Sunday, May 17, 2009

Why Men Need Sports

Many little boys (and little girls) seem to be born to play sports. They grow up strong, lithe, athletically inclined and full of the energy and drive to play.

Somewhere between that and adulthood, all too often it somehow translates into weekends of wearing a jersey for a sport they don't play, decorating their house/car/truck/garage in the colors and themes of a team they're not on and talking about, planning game strategy for an activity they've never done.

Hours upon hours, translating into months and years of their life are dedicated to a tradition of eating snacks, congregating to yell at televisions and huddling in the cold and sweltering in the heat to show support for people they've never met in person and likely never will. 

And we can blame this all on our ancestors.
Since the very beginning of humanity people have lived in family units that combined with their neighbors formed communities. Call them tribes, clans, bands or social groups, but together they made up a collection of people who typically shared family blood (if not at first then eventually when their children grew up and married their neighbors grown children), a common land and common goal: survival.

Some groups focused on cultivating the land, others on collecting natural resources, creating useful items and generating trade. They worked together to defend each other against predators and invaders (or even natural disasters). They lived together, played together and bonded. They were loyal to the people they knew and trusted them to band together when anything dangerous  would come their way and share what they had for the survival and greater good of everyone.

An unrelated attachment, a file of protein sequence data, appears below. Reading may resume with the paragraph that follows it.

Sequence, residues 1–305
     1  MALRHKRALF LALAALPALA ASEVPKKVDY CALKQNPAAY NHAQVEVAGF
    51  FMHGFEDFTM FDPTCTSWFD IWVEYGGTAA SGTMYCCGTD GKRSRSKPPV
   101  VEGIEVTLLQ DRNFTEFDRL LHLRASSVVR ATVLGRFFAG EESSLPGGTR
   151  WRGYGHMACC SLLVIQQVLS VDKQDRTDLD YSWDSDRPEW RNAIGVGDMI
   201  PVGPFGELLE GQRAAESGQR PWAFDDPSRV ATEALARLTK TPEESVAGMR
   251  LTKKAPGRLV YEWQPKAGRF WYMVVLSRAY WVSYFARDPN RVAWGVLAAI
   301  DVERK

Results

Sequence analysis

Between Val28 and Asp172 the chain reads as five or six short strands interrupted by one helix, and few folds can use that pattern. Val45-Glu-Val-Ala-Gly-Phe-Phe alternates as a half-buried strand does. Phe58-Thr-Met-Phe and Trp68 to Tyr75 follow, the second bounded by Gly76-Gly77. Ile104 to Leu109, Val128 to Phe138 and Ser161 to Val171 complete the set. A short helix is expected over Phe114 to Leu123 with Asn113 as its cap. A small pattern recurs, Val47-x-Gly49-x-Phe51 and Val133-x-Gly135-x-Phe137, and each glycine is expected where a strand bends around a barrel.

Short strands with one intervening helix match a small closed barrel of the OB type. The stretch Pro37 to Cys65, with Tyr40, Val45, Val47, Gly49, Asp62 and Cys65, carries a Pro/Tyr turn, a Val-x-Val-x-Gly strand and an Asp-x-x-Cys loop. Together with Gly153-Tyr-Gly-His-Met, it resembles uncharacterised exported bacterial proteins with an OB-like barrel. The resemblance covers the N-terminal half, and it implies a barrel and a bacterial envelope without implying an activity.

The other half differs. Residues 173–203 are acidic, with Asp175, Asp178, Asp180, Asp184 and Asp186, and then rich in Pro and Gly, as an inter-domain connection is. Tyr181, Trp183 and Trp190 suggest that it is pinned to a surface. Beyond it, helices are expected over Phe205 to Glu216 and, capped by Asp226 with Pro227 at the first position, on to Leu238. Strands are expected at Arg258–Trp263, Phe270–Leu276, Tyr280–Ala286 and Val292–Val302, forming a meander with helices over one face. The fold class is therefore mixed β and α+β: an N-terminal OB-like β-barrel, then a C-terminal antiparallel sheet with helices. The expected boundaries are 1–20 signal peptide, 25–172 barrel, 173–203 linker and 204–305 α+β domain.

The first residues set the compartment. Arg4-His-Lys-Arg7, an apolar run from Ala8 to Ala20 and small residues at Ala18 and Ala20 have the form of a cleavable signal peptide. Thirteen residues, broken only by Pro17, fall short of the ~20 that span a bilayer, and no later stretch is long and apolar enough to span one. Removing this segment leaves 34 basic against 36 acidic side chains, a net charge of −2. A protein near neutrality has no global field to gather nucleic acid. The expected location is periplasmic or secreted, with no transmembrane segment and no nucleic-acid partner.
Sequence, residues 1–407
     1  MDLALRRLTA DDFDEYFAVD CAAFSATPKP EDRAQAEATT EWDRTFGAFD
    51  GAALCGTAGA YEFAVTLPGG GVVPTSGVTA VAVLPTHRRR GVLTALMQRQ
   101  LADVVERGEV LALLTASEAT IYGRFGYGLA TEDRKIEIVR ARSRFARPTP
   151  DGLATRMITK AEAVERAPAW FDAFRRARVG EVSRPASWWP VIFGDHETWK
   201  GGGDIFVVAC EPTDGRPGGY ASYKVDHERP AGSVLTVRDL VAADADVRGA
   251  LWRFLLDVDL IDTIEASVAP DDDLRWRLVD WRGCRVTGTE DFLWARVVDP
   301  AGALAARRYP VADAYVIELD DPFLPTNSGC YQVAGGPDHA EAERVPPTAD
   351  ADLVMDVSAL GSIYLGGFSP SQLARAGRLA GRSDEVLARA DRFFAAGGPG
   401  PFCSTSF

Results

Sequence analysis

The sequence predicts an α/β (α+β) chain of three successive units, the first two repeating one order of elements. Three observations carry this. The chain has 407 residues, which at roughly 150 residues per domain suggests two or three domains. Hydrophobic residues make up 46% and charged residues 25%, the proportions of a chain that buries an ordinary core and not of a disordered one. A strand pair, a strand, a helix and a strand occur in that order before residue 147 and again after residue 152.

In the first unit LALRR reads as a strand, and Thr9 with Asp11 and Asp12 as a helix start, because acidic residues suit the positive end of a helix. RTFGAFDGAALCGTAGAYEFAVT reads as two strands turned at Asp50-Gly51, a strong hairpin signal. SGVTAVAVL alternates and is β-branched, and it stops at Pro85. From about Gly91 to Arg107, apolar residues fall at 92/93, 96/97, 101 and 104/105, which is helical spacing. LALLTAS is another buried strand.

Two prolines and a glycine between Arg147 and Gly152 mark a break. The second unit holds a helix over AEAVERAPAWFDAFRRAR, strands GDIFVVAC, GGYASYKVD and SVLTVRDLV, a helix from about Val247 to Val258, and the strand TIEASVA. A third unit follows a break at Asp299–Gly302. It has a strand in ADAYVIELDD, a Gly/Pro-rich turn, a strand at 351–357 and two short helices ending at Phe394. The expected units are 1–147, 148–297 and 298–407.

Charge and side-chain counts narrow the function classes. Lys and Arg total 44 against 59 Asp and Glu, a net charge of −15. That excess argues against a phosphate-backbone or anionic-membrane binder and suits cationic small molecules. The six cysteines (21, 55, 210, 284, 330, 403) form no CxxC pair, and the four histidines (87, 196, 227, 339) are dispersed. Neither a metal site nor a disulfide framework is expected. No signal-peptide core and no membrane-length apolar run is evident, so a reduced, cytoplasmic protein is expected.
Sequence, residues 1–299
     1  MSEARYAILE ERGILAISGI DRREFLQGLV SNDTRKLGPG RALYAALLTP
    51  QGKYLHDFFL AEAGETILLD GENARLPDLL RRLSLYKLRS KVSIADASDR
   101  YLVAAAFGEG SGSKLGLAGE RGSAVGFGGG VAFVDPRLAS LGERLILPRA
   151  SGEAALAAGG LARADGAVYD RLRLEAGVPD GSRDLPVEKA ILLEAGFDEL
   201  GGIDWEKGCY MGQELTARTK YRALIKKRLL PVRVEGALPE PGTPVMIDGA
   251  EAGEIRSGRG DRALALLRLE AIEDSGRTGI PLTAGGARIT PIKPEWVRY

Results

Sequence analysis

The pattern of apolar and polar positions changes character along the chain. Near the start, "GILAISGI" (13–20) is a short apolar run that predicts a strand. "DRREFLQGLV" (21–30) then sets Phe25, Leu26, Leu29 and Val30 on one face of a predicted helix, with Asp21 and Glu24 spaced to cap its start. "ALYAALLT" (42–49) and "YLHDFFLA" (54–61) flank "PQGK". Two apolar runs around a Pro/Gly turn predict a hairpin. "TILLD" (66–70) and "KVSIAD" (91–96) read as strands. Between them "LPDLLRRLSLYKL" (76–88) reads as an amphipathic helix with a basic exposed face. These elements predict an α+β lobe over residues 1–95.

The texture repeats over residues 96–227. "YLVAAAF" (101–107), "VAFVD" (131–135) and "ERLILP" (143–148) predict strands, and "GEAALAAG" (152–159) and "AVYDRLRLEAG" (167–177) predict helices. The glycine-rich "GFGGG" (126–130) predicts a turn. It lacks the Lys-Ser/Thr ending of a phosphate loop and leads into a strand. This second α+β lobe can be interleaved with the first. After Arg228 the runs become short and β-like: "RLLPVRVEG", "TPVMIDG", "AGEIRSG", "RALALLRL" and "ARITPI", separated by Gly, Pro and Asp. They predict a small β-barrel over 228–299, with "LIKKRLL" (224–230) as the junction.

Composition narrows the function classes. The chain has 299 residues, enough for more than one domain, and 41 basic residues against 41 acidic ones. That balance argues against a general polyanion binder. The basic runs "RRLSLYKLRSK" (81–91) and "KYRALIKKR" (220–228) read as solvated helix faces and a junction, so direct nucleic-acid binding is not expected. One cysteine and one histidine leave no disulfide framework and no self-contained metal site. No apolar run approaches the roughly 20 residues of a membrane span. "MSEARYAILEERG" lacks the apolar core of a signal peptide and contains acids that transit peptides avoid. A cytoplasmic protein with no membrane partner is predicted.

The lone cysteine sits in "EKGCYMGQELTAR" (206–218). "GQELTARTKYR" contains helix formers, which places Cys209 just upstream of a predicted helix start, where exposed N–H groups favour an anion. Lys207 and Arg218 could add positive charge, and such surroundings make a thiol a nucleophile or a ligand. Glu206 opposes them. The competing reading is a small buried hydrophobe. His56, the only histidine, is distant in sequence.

Other groups found that they were better suited to conquering other people's lands and subjecting them to taxes, slavery or other ways of reaping of what was sown without their personal effort. They were unified by their intentions to take over.

Both groups had to rally their people to prepare them to invade or defend. They would form leaderships based upon experience and skill. They would create strategy for holding or taking a position. They would focus on their strengths and find ways to compensate for their weaknesses. And they would train and prepare for the times when all that would define who would live and die.

In times in peace, they would build up their holdings and do physical activities to stay battle ready. They also separated themselves from other clans and tribes by choosing an emblem to represent them and colors they identified with. As larger cities and groups found it necessary to have a standing army, their armor and outfits became identical to each other. This was important not only for the bonding and unifying process, but made it much easier during a battle to know who shared their side so they didn't accidentally kill them.

Each generation that survived illness, accidents, disasters, environmental issues (drought/ starvation)
became reinforced with a need for adrenaline, energy to burn, muscle built for hard work (play or fighting included) and a urgent need to unite with others like them, be part of a common goal and hopefully distinguish themselves as a valuable asset to their community.

Fast forward thousands (maybe hundreds of thousands) of generations and the only thing that has really changed is life is gotten WAY easier. Few people die from the things they used to. Our neighborhoods are a million times larger and our need for the average person to be always battle ready has nearly become extinct.

BUT the need for adrenaline, the energy to do more than just work to live and the desire to be part of something larger than themselves and distinguish ourselves in our societies is just as programed into our genetics as it ever was. We are born ready and longing for something that is fundamental, yet intangible.